But Ron knew that he didn’t have time to wait for scientists to develop a magic pill or laserbeam therapy. He had watched his two brothers die from Alzheimer’s and vowed to do everything he could to avoid the same fate.
So Ron did what most people would do: he went online. Hour after hour, he combed through mountains of suggestions, advice and ideas. Take these supplements. Do puzzles. Do crafts. Exercise. The sheer volume of information was daunting. Ron was willing to do anything to stave off Alzheimer’s…but what really worked? Despite the endless amount of information available at his fingertips, there was no way for him to separate the hype from the hope.
The ideas and suggestions that he found were interesting but without methodological data collection and consolidation, they were largely useless to a pragmatic person such as Ron. He wanted to see studies and surveys and the scientific method. This was the fight of his life and he wasn’t about to leave the war planning to random online sources.
Unable to find what he was looking for outside of himself, Ron turned inward. He listened to his intuition. His intuition told him that the brain was like a muscle and that if he didn’t use it, he would lose it.
So he started treating his condition with with purposeful learning. The first year after his diagnosis, Ron learned Spanish and French. At the end of that year, however, Ron felt that the “treatment” wasn’t working as well as he wanted it to so he enrolled in University.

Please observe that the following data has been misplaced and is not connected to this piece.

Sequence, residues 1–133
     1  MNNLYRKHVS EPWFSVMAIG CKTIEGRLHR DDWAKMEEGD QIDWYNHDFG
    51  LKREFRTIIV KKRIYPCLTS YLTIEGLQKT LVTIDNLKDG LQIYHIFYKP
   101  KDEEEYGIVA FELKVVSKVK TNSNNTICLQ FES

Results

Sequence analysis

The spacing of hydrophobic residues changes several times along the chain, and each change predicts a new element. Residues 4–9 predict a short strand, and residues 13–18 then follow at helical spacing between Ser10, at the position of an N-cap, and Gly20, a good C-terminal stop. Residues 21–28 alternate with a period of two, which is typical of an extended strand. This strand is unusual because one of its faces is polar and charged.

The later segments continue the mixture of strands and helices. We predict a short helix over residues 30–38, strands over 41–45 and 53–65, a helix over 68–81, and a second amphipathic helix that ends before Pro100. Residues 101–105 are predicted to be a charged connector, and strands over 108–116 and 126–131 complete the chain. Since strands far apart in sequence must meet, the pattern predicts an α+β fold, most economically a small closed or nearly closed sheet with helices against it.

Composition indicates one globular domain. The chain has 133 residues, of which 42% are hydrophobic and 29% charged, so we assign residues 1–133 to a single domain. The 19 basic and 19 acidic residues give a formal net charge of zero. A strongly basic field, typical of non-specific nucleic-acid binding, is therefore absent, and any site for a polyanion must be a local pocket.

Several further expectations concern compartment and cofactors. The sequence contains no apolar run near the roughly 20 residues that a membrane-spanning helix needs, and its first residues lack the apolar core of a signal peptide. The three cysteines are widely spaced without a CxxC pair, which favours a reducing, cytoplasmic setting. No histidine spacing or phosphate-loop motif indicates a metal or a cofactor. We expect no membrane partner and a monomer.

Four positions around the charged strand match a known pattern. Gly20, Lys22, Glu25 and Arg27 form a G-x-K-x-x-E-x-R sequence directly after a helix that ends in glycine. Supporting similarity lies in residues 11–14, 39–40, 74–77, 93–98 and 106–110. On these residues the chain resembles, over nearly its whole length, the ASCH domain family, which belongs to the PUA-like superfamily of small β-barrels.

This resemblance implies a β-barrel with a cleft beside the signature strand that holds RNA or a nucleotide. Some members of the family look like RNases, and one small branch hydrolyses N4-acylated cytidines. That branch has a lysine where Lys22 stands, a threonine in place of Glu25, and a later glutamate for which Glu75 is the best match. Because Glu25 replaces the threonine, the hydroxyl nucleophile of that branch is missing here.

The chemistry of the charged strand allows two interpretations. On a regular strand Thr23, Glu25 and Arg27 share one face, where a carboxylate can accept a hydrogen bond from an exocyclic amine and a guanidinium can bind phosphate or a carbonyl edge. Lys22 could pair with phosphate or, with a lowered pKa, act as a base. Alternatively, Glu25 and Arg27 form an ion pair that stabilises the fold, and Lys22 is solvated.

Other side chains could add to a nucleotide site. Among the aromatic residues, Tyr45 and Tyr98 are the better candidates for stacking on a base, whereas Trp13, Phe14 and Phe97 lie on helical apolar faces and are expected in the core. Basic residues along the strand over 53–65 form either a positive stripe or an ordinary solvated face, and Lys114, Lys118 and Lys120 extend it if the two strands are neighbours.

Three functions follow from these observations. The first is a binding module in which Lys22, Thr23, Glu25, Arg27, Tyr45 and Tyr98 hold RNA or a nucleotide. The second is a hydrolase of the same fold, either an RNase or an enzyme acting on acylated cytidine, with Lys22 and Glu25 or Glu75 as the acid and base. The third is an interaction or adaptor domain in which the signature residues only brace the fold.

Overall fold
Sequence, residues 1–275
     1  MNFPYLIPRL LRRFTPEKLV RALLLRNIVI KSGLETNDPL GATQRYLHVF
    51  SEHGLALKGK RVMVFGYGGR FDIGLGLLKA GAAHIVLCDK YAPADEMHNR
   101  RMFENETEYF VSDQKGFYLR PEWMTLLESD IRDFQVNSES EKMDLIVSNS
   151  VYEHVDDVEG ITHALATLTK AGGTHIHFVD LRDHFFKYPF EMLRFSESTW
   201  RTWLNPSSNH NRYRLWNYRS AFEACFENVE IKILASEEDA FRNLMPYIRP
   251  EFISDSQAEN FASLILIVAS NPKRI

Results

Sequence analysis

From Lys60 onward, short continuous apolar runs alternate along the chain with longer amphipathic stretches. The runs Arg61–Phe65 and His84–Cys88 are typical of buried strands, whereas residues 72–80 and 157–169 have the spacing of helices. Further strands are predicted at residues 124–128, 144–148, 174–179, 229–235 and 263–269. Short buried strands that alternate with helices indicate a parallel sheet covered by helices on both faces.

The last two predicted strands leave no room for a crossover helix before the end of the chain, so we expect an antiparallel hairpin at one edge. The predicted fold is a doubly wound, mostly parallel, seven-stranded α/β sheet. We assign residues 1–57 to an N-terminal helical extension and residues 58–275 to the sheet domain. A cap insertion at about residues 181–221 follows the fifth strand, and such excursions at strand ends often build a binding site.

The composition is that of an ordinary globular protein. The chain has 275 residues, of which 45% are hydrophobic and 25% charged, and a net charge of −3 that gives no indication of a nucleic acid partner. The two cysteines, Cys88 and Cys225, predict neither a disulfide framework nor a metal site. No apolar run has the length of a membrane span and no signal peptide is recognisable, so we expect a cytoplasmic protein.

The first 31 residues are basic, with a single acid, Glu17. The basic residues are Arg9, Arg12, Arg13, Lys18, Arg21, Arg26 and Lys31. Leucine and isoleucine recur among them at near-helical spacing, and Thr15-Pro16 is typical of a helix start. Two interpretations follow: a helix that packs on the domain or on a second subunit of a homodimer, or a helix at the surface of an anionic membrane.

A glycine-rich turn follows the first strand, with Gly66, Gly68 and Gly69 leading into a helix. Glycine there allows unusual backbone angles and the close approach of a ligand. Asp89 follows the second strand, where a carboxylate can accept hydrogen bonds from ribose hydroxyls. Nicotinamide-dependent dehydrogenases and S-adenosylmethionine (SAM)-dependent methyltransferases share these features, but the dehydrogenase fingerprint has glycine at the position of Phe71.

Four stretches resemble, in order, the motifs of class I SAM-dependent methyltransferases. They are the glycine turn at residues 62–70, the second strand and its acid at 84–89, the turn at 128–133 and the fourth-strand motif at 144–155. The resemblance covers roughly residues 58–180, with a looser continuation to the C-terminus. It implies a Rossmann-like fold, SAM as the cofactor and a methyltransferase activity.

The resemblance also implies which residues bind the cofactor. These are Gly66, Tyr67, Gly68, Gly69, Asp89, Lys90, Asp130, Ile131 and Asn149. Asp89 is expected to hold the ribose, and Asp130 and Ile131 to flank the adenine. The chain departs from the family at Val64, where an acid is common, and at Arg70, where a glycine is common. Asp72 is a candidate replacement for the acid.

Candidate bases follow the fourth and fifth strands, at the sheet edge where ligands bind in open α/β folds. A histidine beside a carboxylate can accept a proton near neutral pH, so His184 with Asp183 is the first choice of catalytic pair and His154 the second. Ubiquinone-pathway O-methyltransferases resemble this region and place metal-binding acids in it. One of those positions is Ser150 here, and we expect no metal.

Since then, Ron’s self-directed treatment protocol has expanded to include extensive physical exercise, creative expression and most importantly, socialization. He didn’t design this on purpose but rather he built on his existing strengths, abilities and interests.
He has always enjoyed long walks and so he has continued to walk. Ron walks at least five kilometers a day, sometimes ten or fifteen. His wife calls him Forrest Gump because when Ron starts walking, he’s thinking of all the other things on his mind and forgets where he’s going. But he never gets lost. This is one of the benefits in living for a long time in a smaller community: he can always ask somebody how to get home.
He has always enjoyed working with his hands and so he has continued to work with his hands. Woodworking is a particularly enjoyable hobby of his and he spends a lot of time out in his workshop, puttering. Unintentionally, Ron is exercising his fine motor control, depth perception and spatial reasoning “muscles” every day.
One of the most vital components of Ron’s individualized treatment program is socialization. Attending classes and study groups, he meets new people all the time. The fact that most of his classmates are sixty years younger than he is makes it that much more enjoyable.